After your time exploring Havana you can take a day, or overnight, trip down to the tobacco fields of Vinales. Here you’ll get to see the year round process of growing, cutting, drying and preserving tobacco leaves (depending on the season you’ll only get to see one or two of these processes). Cuba is famous for cigars and it’s one of their top exports around the world, so even if you’re not into cigars it’s an interesting process to observe.
If you’re thinking about picking a few up for souvenirs be sure to stick to the official government run shops. It’s a common scam in Cuba to sell tourists fake Cuban cigars made from a little tobacco and a lot of banana leaves. And unless you really know your cigars it’s very hard to tell the difference.
If cigars aren’t your thing there are plenty more activities to do in Viñales. The whole countryside that surrounds Vinales is a beautifully scenic sight of lush green fields of crops and rustic dirt trails. You can take a hike through the countryside, experience some caving and enjoy the quiet life compared to Havana. If Havana is the bustling city life, then this is definitely the country getaway.
Alternatively, if white sand beaches and tropical Caribbean coast is more your thing, you can take a bus out to Varadero to experience a very different side of Cuba. Here you’ll find high-rise resorts, fancy restaurants and lots of tourists, but the beaches are spectacular. It’s not exactly what you’d picture when thinking about classic Cuba, but the beaches are superb and the atmosphere is exciting.
Varadero could be visited on a day trip, or you could stay for a night or two if you wanted to take in the sun and sand. Personally for us we found Varadero to be a lot like any other beachside resort town, and not a true reflection of the Cuban culture. But it all depends on what you’re looking for on your trip.
Two Weeks in Cuba
Like the first week in Cuba you’ll most likely start and base yourself in Havana. Along with spending some quality time in this bustling city, you still have the options of Vinales and Varadero, but this time slow down the pace and spend an extra night or two in each spot.
For Varadero, if the tourist scene is too much, stay in nearby Matanzas for a quirky little Cuban city that has a couple of historical forts and landmarks. There isn’t anything spectacular about this city, but it’s real Cuba life and fun to explore without the busy tourist scene.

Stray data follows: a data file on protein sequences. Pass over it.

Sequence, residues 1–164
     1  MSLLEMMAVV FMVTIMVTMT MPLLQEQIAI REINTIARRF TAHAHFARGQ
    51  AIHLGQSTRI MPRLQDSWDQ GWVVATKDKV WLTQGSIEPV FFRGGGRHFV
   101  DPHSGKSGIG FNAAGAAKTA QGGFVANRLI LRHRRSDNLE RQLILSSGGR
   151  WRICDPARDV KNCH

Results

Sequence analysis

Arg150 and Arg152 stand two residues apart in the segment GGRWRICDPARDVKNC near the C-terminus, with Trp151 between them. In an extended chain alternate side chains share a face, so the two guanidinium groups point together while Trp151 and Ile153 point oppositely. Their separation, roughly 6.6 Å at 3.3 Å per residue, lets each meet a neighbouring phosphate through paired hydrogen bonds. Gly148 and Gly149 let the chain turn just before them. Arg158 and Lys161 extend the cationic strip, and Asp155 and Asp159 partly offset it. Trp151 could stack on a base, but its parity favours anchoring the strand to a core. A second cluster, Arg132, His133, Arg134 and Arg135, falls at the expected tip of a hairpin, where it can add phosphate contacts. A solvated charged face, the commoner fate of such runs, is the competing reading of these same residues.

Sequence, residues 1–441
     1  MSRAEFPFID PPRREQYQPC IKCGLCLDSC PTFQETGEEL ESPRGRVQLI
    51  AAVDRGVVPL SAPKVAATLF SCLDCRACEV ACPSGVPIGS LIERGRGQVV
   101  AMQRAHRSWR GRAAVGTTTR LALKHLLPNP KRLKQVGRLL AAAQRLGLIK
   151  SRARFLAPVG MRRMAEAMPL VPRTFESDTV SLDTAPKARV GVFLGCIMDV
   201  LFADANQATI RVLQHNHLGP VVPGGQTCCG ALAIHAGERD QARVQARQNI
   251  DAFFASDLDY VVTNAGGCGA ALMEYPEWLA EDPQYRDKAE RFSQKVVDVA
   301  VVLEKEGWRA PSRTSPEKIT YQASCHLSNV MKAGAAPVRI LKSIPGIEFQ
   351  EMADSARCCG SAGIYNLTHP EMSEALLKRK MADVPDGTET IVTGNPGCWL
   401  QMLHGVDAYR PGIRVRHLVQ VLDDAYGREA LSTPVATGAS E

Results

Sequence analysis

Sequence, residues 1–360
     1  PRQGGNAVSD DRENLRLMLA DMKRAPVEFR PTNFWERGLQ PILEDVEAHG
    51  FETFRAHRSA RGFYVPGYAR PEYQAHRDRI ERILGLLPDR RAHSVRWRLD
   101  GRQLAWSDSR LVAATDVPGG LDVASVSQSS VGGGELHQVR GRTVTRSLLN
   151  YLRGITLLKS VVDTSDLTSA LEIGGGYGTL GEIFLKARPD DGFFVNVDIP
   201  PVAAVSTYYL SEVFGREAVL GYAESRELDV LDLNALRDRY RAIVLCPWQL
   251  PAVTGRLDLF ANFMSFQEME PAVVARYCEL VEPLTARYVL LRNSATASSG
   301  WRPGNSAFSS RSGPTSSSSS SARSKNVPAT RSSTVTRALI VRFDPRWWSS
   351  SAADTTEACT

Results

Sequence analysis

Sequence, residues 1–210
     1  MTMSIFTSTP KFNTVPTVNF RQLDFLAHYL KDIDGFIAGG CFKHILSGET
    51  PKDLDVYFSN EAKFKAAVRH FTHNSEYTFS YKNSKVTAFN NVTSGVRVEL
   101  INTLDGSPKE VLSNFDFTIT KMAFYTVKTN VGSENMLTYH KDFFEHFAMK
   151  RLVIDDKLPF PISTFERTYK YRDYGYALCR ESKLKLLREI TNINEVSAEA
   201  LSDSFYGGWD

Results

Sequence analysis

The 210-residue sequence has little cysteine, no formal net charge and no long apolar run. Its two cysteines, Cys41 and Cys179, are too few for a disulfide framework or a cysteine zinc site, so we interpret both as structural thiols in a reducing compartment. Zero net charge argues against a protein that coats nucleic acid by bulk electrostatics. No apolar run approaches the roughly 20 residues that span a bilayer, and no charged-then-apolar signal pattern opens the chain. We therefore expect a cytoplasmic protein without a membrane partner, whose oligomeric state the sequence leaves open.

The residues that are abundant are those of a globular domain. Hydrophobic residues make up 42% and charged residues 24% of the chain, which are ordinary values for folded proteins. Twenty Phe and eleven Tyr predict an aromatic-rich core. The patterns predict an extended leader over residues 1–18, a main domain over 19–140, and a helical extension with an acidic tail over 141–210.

The main plaza in the middle of the city is always buzzing with locals dashing around, going about their daily business. It’s also great for people watching! In Matanzas you’ll also find the famed Hersey Train Station, where an electric train runs between Matanzas and Havana. It’s famous for transporting sugar to the refineries and being the only electric train in Cuba. The train trip gives you an authentic insight into real Cuban life.
With extra travel time, when you’re in Viñales, go and explore the outer area with hikes to the ‘pre-historic mural wall’ (which isn’t pre-historic, but instead a massive painting of dinosaurs). There is a $1 entrance fee to see the wall, but you can probably view it better from the road without paying! Either way it’s a beautiful walk out there.
Also, while in the area, search for the illusive and slightly exaggerated powers of the ‘water healers’ that reside in the mountains. Apparently they have been residing in the mountains performing miracles (as the story goes), but the locals don’t buy into it too much.
The walks aren’t strenuous and it’s really nice to just cruise the countryside and take in the culture. The main street in Viñales is a surreal contrast between tourist restaurants and residents kicking it on rocking chairs selling guava jam sandwiches and cheese pizzas from their porch.
In addition to Vińales, Havana, Varadero and Matanzas, you can now find time to take a trip down to the gorgeous colonial city of Trinidad. In Trinidad you’ll get to explore the cobblestone roads lined with houses painted in all different shades of pastel colors. Drink fresh mojitos in the street, while dancing the night away at free salsa shows. You can also party the night away in a cave, how cool is that!
If you feel like getting out of the city for the day hire a bicycle and take a trip down to the gorgeously isolated beaches of Playa Ancon. It’s about an hour to the beach (mostly downhill), but the ride back takes a little longer. For those wanting to get back quickly there are conveniently placed taxi drivers along the way (with bike racks) who know you’re over it. Trinidad is a city that shouldn’t be missed during your trip to Cuba.
Bare in mind, although you’ve only got two weeks, don’t underestimate the amount of time you should spend in Havana. It is not only the capital city by location; it’s the capital of all that’s Cuba. We’ve spent a lot of time there and still feel like we could have had more to explore, but that’s always the nature of travel. Any amount of time in Cuba is going to be awesome, so what are you waiting for?
Convinced you need to spend longer in Cuba? We think so too! Click to read the Cuba Travel Itinerary for Three Weeks or More!